Interception and storage of wet deposited radionuclides in crops : field experiments and modelling
Abstract: The emission of radionuclides into the atmosphere from various sources, such as nuclear power plant accidents and nuclear bomb explosions, can result in the interception and uptake of radionuclides by crops in the agricultural ecosystem. These radionuclides e.g. radiocaesium (¹³⁴, ¹³⁷Cs) and radiostrontium (⁸⁵, 90Sr), can be transferred to foodstuffs via seeds or animal feed. Therefore, in this thesis, the goal was to study the amount of ¹³⁴Cs and ⁸⁵Sr that have been intercepted, taken-up and redistributed to different plant parts during wet deposition at different growth stages of spring oilseed rape, spring wheat and ley. For spring oilseed rape and spring wheat, the focus was on the transfer to the seeds after wet deposition of ¹³⁴Cs and ⁸⁵Sr. The dependence between the interception of radionuclides and the growth stage, e.g. the total standing plant biomass and the leaf area index (LAI) were also studied. There was a positive correlation between the interception of ¹³⁴Cs and ⁸⁵Sr and LAI for all three crops. A positive correlation between the standing plant interception and the biomass of ¹³⁴Cs and ⁸⁵Sr was found for spring wheat and ley, but not for spring oilseed rape. The highest interceptions of ¹³⁴Cs and ⁸⁵Sr were at shooting for spring oilseed rape, and at maturity for spring wheat. For ley, the highest interception was at the well-developed stages. Accumulation of ¹³⁴Cs and ⁸⁵Sr in the different plant parts increased when deposition was close to harvest and the crops accumulated more ¹³⁴Cs than ⁸⁵Sr. The concentration of ⁸⁵Sr was lower in spring oilseed rape than in wheat grains. There was an indication that the distribution of radionuclides between the above ground plant parts was independent of the way that they entered into the plant after deposition of ¹³⁴Cs and ⁸⁵Sr. The variation in transfer factors found in this thesis in comparison with results from other studies suggest, that the estimate of the risk of possible uptake to crops in the event of future deposition during the growing season, is still subject to uncertainties.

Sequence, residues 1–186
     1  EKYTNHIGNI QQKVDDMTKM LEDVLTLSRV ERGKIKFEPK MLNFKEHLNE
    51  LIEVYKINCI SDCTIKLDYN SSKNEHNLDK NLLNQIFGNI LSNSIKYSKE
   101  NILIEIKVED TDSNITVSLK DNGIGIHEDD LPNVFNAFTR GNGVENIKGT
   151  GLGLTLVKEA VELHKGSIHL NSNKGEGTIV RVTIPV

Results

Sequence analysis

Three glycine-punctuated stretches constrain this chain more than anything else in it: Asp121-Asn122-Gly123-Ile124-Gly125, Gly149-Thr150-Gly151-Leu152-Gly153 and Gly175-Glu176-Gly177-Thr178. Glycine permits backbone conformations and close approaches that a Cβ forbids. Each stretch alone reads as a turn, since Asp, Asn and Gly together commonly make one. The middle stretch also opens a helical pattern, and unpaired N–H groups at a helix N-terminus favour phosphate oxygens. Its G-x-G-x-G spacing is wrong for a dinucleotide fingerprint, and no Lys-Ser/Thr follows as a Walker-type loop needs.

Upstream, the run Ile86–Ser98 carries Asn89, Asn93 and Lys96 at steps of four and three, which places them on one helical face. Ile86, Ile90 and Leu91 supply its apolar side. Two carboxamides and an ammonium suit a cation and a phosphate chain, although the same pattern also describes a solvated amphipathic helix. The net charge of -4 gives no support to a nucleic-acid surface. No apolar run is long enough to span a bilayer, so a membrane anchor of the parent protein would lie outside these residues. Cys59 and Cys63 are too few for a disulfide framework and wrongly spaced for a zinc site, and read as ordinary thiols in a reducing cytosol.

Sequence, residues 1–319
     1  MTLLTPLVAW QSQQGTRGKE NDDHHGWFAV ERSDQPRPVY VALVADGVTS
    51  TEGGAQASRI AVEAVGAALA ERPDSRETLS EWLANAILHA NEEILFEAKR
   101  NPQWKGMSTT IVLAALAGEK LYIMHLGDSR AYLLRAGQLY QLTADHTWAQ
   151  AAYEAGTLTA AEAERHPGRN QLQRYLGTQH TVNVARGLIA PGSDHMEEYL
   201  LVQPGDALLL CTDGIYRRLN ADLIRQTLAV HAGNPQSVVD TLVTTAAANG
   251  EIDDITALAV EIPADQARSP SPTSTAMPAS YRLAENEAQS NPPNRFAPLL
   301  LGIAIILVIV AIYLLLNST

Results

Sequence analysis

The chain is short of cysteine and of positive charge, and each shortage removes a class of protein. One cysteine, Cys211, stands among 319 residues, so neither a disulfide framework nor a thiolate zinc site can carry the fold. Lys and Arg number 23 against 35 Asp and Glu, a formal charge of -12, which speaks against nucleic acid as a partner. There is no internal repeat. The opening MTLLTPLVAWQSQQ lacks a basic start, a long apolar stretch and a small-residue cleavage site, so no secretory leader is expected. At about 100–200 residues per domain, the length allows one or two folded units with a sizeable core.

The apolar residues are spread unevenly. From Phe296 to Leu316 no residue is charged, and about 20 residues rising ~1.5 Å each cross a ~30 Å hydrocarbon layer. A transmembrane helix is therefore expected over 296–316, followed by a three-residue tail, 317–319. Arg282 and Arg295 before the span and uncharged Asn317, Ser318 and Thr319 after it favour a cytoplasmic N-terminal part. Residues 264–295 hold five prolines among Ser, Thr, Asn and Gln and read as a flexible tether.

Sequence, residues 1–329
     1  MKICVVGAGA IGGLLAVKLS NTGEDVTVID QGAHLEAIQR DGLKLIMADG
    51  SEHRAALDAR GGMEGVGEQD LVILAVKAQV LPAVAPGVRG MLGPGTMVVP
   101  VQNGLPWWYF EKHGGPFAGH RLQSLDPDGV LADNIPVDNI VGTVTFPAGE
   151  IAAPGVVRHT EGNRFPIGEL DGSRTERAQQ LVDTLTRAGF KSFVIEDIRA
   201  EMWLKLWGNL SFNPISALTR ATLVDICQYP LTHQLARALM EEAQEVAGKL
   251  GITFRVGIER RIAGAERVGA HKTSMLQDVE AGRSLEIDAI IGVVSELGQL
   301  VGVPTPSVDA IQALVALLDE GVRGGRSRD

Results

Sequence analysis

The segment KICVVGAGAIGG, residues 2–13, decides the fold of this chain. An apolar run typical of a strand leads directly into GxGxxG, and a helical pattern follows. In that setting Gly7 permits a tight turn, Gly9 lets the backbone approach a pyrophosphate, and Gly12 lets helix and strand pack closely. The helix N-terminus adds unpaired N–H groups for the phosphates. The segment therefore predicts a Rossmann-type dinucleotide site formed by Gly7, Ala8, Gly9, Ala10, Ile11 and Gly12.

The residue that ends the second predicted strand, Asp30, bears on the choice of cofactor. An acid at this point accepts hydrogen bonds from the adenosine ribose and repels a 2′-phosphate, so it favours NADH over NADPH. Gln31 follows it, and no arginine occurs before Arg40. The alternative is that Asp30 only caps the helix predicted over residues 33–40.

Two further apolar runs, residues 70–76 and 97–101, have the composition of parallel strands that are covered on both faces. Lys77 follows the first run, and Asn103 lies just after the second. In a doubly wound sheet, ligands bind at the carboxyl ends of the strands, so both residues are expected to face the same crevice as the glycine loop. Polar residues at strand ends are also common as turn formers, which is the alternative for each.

This dissertation MIGHT be available in PDF-format. Check this page to see if it is available for download.